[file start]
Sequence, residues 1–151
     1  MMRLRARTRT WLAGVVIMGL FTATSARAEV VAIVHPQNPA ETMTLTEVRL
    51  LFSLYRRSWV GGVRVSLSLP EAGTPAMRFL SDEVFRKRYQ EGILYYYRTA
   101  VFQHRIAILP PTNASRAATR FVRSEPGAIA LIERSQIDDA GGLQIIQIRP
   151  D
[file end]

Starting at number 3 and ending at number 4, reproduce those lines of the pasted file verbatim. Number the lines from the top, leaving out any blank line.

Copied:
    51  LFSLYRRSWV GGVRVSLSLP EAGTPAMRFL SDEVFRKRYQ EGILYYYRTA
   101  VFQHRIAILP PTNASRAATR FVRSEPGAIA LIERSQIDDA GGLQIIQIRP